Planning Ahead for Disasters

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May 3, 2016
MHCO

This is the first in a series of articles on disaster preparedness and how to safeguard your community, save lives and minimize damage

There are three steps in a good disaster plan: planning, prevention and recovery.  Knowing what to do in each step can help you reduce injuries and damage to your community.  This article discusses the planning segment of disaster preparedness.

 

 

Step 1: Learn all you can about the kinds of disasters that could possibly occur in your community – there may be some that you are not aware of.  Good resources for this information included your local emergency management office, the local American red Cross chapter or a state-level emergency preparedness agency.

 

For example, people at these organizations can help you lean whether your community is near a flood plain or a hazardous materials facility.  And, did you know that all 50 states and all U.S. territories are vulnerable to earthquakes?  In Oregon the risk of an earthquake is considered by the Federal Emergency Management Agency to be moderate to high.  On the Oregon coast even a moderate earthquake adds the additional threat of a tsunami.  Are you prepared?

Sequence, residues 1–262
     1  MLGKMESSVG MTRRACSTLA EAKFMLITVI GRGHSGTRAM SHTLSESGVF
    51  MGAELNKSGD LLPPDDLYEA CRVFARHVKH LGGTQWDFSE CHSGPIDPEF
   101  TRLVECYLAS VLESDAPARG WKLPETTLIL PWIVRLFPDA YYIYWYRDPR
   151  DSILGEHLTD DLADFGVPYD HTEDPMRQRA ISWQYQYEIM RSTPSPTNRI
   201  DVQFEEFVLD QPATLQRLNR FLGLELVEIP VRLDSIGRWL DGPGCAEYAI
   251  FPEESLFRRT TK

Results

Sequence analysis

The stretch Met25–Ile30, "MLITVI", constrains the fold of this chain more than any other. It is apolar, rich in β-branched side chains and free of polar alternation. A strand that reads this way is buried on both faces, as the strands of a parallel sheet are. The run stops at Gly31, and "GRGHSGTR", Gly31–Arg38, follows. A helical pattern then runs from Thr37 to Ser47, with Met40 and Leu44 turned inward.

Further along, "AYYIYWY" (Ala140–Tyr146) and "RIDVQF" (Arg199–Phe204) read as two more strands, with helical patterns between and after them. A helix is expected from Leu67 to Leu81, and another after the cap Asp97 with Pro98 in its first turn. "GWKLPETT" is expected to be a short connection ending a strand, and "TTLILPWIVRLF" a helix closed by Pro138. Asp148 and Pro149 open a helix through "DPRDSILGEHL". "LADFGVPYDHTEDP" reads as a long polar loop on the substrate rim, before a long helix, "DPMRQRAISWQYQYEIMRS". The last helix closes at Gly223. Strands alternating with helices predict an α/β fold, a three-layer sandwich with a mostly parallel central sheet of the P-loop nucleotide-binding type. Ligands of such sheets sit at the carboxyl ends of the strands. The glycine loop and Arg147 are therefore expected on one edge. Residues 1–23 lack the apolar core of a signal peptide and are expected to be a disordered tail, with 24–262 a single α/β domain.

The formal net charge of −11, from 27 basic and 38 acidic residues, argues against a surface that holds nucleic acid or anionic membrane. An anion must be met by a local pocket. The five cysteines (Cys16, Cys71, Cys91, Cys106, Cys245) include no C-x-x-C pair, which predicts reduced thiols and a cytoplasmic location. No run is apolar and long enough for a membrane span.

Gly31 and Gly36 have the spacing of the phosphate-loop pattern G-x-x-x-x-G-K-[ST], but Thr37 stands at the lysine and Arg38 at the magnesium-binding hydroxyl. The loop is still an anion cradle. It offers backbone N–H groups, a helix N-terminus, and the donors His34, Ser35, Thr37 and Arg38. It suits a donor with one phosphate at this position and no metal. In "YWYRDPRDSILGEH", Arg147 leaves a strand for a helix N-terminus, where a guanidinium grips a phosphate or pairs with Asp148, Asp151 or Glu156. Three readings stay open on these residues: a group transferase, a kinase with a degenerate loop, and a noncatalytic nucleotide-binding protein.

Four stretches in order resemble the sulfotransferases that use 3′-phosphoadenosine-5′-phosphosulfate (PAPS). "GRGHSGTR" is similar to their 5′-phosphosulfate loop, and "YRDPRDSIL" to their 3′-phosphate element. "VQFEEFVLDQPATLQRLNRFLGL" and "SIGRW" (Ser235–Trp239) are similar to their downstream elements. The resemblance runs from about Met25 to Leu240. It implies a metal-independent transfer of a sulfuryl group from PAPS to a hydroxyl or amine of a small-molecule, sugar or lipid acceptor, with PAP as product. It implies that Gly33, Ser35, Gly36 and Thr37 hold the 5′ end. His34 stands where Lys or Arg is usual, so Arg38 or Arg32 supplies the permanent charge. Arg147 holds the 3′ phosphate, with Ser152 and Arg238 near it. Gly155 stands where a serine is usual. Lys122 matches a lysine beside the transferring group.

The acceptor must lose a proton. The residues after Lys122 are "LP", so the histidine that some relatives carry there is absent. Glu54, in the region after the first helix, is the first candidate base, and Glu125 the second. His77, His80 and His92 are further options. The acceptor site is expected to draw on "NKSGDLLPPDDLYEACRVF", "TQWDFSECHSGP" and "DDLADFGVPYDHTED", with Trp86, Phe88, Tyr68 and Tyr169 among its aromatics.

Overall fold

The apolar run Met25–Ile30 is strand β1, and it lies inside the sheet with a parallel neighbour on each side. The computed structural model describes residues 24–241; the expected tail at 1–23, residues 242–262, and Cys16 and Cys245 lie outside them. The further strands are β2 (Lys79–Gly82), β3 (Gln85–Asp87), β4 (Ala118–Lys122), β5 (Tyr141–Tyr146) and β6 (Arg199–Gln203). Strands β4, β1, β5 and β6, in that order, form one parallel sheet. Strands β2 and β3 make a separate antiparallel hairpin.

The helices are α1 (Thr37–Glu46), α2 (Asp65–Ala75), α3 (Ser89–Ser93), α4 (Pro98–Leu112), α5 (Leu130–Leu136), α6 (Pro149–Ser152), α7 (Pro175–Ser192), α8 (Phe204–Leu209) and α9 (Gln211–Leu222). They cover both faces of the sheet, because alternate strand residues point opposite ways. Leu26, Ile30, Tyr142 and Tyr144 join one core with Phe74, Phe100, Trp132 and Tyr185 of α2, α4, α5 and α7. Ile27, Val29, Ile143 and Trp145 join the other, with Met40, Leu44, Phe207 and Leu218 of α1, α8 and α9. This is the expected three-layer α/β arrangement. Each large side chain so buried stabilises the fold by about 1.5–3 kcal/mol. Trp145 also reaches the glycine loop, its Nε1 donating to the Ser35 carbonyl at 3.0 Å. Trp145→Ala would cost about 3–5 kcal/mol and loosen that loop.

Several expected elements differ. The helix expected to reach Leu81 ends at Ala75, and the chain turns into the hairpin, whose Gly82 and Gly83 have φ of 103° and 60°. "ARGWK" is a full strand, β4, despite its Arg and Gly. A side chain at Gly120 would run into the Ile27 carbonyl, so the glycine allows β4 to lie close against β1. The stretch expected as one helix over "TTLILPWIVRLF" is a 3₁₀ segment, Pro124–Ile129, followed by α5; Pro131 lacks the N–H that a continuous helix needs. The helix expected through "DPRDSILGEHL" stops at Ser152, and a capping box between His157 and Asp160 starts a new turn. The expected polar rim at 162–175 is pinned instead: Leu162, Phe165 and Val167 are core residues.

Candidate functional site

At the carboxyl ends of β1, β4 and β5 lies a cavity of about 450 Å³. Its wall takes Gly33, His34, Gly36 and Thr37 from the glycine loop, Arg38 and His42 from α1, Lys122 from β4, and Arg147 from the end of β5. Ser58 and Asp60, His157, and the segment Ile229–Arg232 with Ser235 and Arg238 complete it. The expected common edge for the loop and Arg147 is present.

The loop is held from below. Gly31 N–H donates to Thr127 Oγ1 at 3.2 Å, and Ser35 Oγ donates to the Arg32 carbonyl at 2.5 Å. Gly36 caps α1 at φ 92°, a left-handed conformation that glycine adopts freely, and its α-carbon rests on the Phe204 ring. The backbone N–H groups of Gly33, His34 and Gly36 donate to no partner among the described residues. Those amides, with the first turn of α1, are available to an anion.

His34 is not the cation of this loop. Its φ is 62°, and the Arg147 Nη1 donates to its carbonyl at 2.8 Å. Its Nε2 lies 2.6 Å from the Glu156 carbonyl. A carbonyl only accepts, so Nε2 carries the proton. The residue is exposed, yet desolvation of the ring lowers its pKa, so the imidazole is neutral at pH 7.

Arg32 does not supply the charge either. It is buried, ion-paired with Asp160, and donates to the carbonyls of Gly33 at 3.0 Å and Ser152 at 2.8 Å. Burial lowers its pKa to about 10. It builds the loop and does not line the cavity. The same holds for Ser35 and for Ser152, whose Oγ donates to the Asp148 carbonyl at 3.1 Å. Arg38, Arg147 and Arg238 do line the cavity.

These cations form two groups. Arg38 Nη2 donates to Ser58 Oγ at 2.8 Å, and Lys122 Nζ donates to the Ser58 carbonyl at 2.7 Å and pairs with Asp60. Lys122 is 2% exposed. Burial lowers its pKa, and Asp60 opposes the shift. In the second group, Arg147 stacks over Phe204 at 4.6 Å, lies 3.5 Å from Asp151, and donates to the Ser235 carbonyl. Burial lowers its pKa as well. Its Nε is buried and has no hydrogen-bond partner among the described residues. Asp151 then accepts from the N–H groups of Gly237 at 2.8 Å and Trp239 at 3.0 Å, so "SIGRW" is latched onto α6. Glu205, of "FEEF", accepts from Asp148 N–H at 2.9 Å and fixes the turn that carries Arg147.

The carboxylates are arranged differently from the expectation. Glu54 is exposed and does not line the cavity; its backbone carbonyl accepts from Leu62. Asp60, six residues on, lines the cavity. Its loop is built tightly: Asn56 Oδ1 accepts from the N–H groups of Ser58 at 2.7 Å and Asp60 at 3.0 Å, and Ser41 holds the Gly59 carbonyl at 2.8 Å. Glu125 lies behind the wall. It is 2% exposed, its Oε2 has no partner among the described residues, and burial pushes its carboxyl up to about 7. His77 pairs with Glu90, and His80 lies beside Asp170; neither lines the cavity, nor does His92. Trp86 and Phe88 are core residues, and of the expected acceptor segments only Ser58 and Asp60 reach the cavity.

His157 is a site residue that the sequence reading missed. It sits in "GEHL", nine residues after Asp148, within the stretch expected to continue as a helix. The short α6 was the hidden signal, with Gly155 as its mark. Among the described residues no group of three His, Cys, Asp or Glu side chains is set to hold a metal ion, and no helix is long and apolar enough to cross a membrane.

When you have a list of all of the potential problems you might face, you can develop a plan on how to cope with each one.  Some parts of each plan will be the same, including Steps 2 and 3 – later in this article.

 

Depending on the type of problems that might take place in your community, determine whether residents would ever need to evacuate or seek shelter.  If the answer is “yes” to either or both questions, prepare an evacuation plan.

Step 2: Develop a master list of telephone numbers that you will need in the case of an emergency.  This list should include three major parts:

 

  • Community resources that would be available.

 

  • Residents in the community who are participating in the disaster planning and implementation programs.

 

  • Key employees and others involved with the management or ownership of the community.

 

You will need both home and work numbers for residents and employees, and business and after-hours numbers for community resources.  For key employees, you may also wish to include their cell or mobile phone or pager numbers.  All community managers and owners should have this list prominently displayed near every telephone in their homes and offices.

 

For your convenience, a comprehensive list is included on the next page.  You can make copies of it and fill in the blanks, or you can create your own lsit, based on the specifics of you community.

 

Step 3: Get residents involved in developing and implementing disaster management plans.  Emergency management experts agree that this is critical to the success of your program.  There will be more about how to work with a Resident’s Disaster Planning Committee in future articles.

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